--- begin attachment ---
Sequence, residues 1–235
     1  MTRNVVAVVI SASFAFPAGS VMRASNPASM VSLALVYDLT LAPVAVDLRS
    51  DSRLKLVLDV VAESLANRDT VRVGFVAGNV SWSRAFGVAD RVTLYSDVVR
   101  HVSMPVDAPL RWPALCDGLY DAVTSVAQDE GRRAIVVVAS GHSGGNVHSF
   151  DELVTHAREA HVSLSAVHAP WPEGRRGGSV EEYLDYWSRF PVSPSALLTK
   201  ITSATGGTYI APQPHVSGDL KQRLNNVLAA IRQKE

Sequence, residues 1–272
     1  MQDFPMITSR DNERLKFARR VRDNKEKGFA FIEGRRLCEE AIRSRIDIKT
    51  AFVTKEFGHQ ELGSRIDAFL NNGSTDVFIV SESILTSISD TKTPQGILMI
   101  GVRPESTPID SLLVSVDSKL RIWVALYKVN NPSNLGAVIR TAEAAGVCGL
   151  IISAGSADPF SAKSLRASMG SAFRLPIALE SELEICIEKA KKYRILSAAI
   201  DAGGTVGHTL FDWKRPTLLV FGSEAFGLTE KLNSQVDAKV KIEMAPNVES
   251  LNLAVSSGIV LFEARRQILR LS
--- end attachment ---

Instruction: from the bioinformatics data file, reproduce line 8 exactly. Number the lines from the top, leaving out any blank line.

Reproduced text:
     1  MQDFPMITSR DNERLKFARR VRDNKEKGFA FIEGRRLCEE AIRSRIDIKT